• really held responsible. really

    You know what i may have spin some yarn's in my life time .But never did i lie,exaggerate ,or embelish on my application .Thouse who do are ass's and should be shot .NO not really.But why would you have too lie to get a job and not rely schooling , and experance .
  • college education controversy

    Seriously, this is just the tip of the iceberg scenario. During boom time and fair weather - who care's if a little dust is swept under the carpet - a little loss is no great problem as long as the company is well known and making gains elsewhere.

    But come bad weather and the binoculars come out and significant people are under the microscope, particularly if the company has a significant loss. All over the world people have faked degrees. In Australia there is a joke "how do you become a doctor? Put Dr infront of your name". Or "I have a phd - personal help degree".

    Also international employment agencies have a tricky job in filling international job vacancies for countries outside an applicants place of citizenship. I wonder if money talks there! Funny Mr Thompson came from paypal!?
  • Embellishing resume?

    This is a ridiculous reason to make a guy step down. How many people lie on their resumes (and birth certificates for political reasons)? Did the guy do a good job? Bill and Steve never went to college. America is going through a horrible phase where there is no more privacy. Also, there are no more ways for a little guy to grow. How many of our politicians have internet-obtained diplomas? How many have a bachelor's degree in anything that can really help America? C'mon, people. This is not Big Brother or Apprentice. It's real life.
  • Lying in a Resume

    Hi all,

    We must know that we are not leaving in Heaven were everyone is pure, Davil was cast down here on earth because he was deceiving the majority in heaven and God noticed this after million, billion or trillion years maybe, and to get rid of this was to remove completely all his fellowers to cleanup, so he is the father of Lies, he is the prince of this World if you dont lie you wont survive unless Christ is in your side, so he make sure this world is corrupt mmm I think now you understand the foundation.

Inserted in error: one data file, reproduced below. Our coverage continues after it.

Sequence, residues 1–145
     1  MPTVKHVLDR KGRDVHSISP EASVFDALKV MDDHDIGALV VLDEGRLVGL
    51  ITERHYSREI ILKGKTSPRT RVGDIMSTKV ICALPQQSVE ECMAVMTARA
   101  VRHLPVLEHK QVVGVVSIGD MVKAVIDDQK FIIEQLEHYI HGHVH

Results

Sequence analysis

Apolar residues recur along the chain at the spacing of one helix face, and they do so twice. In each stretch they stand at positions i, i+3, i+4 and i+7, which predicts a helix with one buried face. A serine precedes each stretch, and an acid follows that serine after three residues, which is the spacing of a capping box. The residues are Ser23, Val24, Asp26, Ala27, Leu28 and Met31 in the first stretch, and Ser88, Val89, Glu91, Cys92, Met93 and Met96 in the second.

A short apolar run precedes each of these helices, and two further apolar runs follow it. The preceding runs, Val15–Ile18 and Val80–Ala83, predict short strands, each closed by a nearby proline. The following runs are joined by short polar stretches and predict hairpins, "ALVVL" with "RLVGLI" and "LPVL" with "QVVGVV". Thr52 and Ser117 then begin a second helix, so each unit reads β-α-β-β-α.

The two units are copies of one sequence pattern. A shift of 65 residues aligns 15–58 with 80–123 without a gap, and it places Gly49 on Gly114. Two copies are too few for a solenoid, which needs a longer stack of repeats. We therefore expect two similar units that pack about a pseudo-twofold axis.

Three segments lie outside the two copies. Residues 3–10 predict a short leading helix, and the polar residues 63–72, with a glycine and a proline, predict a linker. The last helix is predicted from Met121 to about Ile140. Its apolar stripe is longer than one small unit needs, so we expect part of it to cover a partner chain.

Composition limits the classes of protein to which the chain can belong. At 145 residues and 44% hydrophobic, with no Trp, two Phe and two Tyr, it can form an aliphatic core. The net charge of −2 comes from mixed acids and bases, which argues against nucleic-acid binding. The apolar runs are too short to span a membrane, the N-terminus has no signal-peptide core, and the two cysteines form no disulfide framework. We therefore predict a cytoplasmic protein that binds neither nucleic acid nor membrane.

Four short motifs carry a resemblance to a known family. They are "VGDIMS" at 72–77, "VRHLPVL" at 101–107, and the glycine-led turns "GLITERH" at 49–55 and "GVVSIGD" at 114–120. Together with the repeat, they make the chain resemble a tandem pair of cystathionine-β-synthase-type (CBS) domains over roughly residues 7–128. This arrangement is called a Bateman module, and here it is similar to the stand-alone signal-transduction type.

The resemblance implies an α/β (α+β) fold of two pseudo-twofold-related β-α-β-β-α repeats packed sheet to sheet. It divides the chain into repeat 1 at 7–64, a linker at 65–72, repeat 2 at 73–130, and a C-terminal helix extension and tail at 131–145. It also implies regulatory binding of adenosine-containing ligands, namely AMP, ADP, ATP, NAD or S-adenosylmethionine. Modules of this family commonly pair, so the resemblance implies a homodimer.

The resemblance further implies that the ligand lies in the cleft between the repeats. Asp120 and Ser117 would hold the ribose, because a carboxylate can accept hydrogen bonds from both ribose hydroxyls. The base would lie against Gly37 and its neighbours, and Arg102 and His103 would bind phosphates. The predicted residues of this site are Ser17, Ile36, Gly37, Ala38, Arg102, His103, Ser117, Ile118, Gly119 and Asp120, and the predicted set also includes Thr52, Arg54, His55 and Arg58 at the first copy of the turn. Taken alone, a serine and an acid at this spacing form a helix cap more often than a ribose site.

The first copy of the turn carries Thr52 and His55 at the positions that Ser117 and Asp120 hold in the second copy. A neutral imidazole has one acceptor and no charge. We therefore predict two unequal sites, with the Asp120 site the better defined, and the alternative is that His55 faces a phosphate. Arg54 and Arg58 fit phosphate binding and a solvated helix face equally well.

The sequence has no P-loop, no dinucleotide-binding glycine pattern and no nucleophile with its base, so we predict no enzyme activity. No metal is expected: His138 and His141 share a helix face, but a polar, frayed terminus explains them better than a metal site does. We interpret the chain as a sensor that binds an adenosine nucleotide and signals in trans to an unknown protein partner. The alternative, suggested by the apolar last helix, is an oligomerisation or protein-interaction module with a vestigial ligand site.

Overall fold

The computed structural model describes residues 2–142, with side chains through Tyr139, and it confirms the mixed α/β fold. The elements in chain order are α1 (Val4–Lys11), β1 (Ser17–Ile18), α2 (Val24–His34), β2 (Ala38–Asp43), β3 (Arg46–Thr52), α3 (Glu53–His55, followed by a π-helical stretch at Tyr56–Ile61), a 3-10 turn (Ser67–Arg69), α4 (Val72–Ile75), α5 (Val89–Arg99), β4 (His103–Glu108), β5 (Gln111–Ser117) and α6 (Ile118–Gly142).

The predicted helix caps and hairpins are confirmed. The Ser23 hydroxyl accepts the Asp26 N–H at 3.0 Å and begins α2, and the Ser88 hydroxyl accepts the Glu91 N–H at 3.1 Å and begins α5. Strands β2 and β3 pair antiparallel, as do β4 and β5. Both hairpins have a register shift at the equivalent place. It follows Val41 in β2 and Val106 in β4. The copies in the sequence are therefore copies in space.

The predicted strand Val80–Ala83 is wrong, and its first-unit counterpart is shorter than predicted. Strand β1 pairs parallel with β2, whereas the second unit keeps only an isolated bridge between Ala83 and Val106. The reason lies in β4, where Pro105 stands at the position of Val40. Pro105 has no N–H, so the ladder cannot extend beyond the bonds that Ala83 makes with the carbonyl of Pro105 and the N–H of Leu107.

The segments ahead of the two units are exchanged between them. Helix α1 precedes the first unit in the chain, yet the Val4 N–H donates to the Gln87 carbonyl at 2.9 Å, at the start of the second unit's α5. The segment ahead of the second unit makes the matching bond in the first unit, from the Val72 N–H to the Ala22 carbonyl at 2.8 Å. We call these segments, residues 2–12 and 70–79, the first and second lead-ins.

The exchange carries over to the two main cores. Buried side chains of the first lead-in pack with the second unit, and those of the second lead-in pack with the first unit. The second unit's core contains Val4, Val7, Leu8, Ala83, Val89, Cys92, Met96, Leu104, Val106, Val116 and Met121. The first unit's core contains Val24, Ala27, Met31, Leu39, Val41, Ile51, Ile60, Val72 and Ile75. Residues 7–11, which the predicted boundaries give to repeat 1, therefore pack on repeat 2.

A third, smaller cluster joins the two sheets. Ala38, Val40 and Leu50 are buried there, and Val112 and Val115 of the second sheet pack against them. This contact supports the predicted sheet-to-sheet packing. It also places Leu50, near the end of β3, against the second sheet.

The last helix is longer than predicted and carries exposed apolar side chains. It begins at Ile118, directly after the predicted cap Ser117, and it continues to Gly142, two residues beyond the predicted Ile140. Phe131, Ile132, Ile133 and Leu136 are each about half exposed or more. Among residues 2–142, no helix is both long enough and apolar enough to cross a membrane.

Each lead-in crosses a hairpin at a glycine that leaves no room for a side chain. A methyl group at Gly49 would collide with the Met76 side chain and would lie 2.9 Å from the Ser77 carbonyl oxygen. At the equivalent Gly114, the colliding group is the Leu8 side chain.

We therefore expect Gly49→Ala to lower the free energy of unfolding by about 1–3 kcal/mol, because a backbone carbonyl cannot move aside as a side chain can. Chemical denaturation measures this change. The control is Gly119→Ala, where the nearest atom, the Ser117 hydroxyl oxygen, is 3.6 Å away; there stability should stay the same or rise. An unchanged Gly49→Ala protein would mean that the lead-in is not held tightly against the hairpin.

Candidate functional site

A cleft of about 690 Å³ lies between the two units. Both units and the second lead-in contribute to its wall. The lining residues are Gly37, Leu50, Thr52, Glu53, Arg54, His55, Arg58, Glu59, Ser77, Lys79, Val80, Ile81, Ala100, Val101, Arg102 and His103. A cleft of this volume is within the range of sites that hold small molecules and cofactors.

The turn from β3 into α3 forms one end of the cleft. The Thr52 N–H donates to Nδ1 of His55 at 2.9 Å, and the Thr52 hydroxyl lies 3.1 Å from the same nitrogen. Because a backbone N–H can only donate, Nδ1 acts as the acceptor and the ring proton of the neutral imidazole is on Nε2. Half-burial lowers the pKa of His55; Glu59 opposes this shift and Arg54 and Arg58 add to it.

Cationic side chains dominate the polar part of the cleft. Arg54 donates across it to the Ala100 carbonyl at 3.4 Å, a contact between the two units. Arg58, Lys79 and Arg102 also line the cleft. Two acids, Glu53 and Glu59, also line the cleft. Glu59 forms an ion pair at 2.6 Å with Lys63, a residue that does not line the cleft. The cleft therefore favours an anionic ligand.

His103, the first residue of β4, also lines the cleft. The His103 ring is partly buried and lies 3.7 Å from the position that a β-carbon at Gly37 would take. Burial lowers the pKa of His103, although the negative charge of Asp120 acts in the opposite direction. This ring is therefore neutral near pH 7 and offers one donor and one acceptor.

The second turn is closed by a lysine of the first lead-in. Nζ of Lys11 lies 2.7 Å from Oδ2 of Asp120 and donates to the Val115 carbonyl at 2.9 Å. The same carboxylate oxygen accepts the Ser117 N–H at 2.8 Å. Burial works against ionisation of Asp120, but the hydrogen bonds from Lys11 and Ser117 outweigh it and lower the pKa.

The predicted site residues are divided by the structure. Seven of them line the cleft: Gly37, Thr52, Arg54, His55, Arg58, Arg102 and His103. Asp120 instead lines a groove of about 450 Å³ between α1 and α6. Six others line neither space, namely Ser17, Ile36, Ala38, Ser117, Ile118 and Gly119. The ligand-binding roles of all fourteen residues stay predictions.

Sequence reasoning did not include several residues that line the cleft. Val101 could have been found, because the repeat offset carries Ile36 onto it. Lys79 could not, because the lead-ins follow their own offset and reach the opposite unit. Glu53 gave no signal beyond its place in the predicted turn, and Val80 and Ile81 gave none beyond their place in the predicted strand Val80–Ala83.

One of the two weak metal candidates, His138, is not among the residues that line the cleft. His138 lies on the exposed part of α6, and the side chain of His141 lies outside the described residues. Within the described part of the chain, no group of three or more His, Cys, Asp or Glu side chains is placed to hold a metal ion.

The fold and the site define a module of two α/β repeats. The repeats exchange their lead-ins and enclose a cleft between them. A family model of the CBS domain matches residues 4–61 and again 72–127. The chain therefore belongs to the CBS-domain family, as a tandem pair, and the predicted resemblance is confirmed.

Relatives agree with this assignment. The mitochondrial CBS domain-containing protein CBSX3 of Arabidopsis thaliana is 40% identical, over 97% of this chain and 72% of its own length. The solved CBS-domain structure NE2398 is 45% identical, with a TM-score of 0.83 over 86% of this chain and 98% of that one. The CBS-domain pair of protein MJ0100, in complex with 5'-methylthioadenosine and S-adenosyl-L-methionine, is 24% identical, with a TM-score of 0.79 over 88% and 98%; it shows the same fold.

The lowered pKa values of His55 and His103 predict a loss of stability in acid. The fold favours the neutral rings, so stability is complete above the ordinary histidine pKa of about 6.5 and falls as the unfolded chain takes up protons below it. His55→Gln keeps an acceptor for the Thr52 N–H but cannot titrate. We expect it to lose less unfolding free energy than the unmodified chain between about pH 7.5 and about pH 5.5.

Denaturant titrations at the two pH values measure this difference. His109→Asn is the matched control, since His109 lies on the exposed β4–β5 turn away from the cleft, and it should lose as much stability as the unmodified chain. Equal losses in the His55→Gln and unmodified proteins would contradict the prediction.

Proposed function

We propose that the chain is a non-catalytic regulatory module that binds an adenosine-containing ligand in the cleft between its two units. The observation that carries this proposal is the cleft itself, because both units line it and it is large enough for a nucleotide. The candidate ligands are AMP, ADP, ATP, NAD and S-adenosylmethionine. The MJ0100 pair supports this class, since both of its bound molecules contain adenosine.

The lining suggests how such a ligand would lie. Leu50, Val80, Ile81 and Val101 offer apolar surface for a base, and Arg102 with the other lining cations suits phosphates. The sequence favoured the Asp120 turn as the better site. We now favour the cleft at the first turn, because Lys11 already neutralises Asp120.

• brike2001 & nkosiv

    Oh dear. These days real life relies on honesty, education, and reputation. It relies on the here and now and the hard facts of life as well as good will. Religion be it devil or or evil or christ or god or allah or jehova or budism or mormon or jehovas witnesses or catholic or prodestant or anglican or human disposition because of choice is not an argument in business and ought not be. Some cultures believe that christians make better businessmen/women because of their beliefs rather than non christians. But I would argue that regardles of religious belief we all have the capability of honesty and integrity and also lack honesty and integrity regardless of faith or not. Sorry but these lines are way too blurred. Hence the problematic topic in regards to this story and the consequences in a struggling world of economics and values under stress in all conceivable circumstances. Believing in a world of evil - good and condemnation for percieved transgressions is not a helpful construct in any way.

    If self interested factions are going to end this world, then do it. Because, I personally want to get on with living with those who enjoy living and want to live better and to have visions of the world living on into the future in an accommodating manner for all. No one entity has a right over another to survive or die unless the universe can no longer support that life. Sensible organisation is a must and there are victors, survivors and losers. It is up to each and every one of us to know who we are and to build on our skills for the good of all even if we are losers at some point. It's not the end.
    • Lying

      MmmmmH well said thats true dear